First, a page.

5. 5. 5A VIX GUIDE TO ACCOUNT-BASED TICKETING AND OPEN PAYMENTS There are a number of specific customer and operator benefits in adopting open payments and account-based ticketing for passenger transport listed below. Over and above these specific benefits, there is the growing consumer demand to be able to pay for travel as they are increasingly paying for other daily expenses – using their contactless payment card or mobile device. Being able to adapt and meet growing passenger expectations is a singularly powerful force for change for most transit operators. However, for some, there is a bigger, proactive desire to be able to use this change to provide value-added services by integrating with other service or retail companies. THE KEY BENEFITS OF OPEN PAYMENTS FOR CUSTOMERS 1. OPEN PAYMENTS Open payments schemes offer the convenience of using a single bankcard or mobile device as both a ticket and payment method. This means the customer doesn’t need to worry about carrying cash, having the right smart card or ticket, or that their account is topped up. Passengers who are new to the network have no cards to purchase or complex ticketing machines to navigate - they can simply tap the card or device that’s already in their purse or pocket. 2. INTEROPERABILITY BETWEEN VARIOUS TRANSPORT NETWORKS AND RETAILERS The benefit of a global standard like EMV is that the more widely it is accepted, the more consumers can rely on their EMV cards and devices as their main payment method. The ability to use one card or device for multiple transportation services takes the hassle out of having to carry multiple cards, or understand various fare offers prior to starting your journey. 3. STREAMLINED BILLING A well-designed scheme with account-based post-billing can support complex and equitable fare calculations, such as charging riders only for the trips they make, or capping the maximum fee charged on any single day, week or month. This means the customer doesn’t need to worry about buying the correct ticket and can rely on the system to charge them the lowest possible fare. 4. LESS QUEUEING With no ticket to buy or balance to top up with a cashier or reload machine, transit passengers can board a vehicle far more quickly and move much more efficiently through a station. Less queues and delays means happier passengers. 5. MORE WAYS TO PAY By extending the infrastructure and approach that the use of open payments has promoted around account-based services, it is possible to use these same frameworks to include other identifiers such as student cards, business ID cards or mobile tokens in the fare collection system. Little change is needed to open up the fare collection infrastructure in order to offer a wider choice of payments options. WHY SHOULD TRANSIT OPERATORS EMBRACE OPEN PAYMENTS AND ACCOUNT-BASED TICKETING? PHOTO: OPEN PAYMENTS MEAN LESS QUEUEING WHICH LETS PASSENGERS MOVE QUICKLY AND EFFICIENTLY THROUGH A STATION.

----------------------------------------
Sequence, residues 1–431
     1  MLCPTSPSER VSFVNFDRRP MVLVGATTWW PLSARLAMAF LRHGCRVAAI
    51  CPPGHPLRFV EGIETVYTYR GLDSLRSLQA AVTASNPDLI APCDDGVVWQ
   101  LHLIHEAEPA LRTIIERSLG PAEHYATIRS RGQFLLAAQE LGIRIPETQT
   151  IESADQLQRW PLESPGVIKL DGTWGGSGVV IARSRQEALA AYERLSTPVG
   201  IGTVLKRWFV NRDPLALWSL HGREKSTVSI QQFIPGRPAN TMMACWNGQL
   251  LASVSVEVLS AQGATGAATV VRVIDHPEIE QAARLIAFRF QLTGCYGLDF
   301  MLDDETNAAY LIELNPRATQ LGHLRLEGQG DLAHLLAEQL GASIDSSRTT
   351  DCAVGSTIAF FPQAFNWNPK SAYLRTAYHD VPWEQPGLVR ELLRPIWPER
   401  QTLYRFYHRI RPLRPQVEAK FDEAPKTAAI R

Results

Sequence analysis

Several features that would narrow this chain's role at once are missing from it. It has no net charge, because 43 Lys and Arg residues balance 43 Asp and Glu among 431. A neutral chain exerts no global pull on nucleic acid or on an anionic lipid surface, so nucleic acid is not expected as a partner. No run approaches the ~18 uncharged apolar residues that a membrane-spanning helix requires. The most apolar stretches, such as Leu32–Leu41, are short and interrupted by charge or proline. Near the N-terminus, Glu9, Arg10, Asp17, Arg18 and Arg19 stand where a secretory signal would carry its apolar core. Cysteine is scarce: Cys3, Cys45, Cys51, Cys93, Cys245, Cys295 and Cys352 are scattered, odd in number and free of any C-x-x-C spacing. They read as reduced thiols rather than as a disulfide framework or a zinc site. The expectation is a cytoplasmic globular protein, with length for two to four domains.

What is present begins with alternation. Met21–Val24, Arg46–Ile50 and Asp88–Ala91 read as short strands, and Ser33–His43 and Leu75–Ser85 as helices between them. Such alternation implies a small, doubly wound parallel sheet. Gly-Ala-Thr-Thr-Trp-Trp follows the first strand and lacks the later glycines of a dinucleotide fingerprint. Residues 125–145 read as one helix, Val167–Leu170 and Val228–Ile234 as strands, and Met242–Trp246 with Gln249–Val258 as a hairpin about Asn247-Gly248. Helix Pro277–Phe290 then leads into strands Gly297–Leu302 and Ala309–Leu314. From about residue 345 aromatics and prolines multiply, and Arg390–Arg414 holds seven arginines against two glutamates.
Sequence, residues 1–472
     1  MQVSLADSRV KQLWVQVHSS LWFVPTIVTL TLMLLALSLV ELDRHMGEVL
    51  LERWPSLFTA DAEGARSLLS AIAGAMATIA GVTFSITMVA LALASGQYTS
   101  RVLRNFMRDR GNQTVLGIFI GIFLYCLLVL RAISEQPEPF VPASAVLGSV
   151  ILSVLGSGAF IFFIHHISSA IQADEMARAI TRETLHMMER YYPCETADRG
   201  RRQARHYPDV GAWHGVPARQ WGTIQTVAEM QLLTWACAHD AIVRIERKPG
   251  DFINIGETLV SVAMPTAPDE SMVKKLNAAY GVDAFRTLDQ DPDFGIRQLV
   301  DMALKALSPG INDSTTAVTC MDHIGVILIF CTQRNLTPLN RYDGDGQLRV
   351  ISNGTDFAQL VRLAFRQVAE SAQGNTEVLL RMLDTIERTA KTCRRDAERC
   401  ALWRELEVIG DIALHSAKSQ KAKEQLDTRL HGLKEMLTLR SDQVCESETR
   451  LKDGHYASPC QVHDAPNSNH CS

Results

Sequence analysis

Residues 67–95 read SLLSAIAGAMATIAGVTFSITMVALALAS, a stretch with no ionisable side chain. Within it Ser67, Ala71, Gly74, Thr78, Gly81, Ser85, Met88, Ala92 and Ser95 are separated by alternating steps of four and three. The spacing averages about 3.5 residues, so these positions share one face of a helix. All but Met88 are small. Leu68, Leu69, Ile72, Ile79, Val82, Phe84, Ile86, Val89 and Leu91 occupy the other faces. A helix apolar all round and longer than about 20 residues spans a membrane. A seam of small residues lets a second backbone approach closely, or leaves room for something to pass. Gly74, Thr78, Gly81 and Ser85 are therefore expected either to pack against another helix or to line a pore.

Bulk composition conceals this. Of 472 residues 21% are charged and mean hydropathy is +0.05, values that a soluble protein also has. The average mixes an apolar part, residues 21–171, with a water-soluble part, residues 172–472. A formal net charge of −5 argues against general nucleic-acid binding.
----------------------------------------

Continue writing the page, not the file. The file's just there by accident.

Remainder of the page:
6. 6. 6A VIX GUIDE TO ACCOUNT-BASED TICKETING AND OPEN PAYMENTS The future of account-based ticketing and payments could see major cities providing a framework that allows multiple organisations to link their own cards or apps into a single, seamless scheme. For example, major venues and transit operators could integrate to create a combined access, travel and in-venue payment experience. Vix Technology partnered with Australian Rugby League team, Melbourne Storm, in 2014, to create an in-stadium payments system linked to the Club’s fan loyalty programme. The membership cards are not only enabled to work at AAMI Park, the home ground stadium, but are also enabled for other major city venues, institutions like Universities, and retailers to link up to the same scheme and utilise the same access and payments system. ACCOUNT-BASED TICKETING THE KEY BENEFITS OF OPEN AND ACCOUNT- BASED PAYMENTS FOR TRANSIT OPERATORS 1. LOWER OPERATIONAL COSTS The costs of AFC can be significantly reduced by decreasing, or even eliminating the processes required for both cash handling and those associated with the process of ticketing and handling an operator’s own fare media. While there have been no detailed investigations, anecdotal feedback suggests that the reductions in fare collection costs, as a percentage of the total ticket processing and handling costs, could fall from around 15-20 percent, to less than 10 percent. 2. LOWER CAPITAL COSTS The move to open payments forces the need to simplify fare collection and ticket devices. This drives standardisation of devices, which in turn allows for hardware purchasing to feel more commodity based and opens up a greater ability to multi-source devices. Add to that the reduction in ticket vending machines and kiosks required, because fewer passengers will need to purchase tickets before riding, and you start to lower the cost and volume of the hardware required. 3. LESS CONGESTION AND IMPROVED PERFORMANCE The advantages of contactless cards in improving throughput at stations and buses is well understood in terms of the ability to reduce the time taken to pass through gates or barriers – these same dwell time savings apply largely to open payments and account-based payments tokens. This means faster boarding and better station flows, reducing passenger and service congestion – particularly where the switch is from cash payments. In addition, fewer queues at ticket vending machines and kiosks also improves flows in busy stations and terminals, leading to improved punctuality and efficiency. This is the case, especially in bus networks, by reducing the time that a driver spends at bus stops manually processing cash fares. Introducing more efficient payment methods has the effect of reducing delays on transit routes and thus provides the potential to reduce the number of buses required on particular routes. 4. TIGHTER SECURITY Open payments systems limit the possibilities for physical and cyber-security breaches because any scheme processing contactless payments cards and devices needs to meet the global EMV and PCI standards, which have the highest levels of electronic security and encryption. 5. IMPROVED ACCESSIBILITY AND CONVENIENCE Reducing the barriers for new passengers and improving the customer experience for regular commuters through simple and convenient ticketing and payments can be a key driver for growing passenger numbers in an  increasingly competitive transport market. CASESTUDY: ACCOUNT- BASED TICKETING, MELBOURNE Click to tweet Twitter: #Transit operators accepting #ApplePay, #GoogleWallet #SamsungPay with open #payments - @Vix_Technology Guide: http://www. vixtechnology.com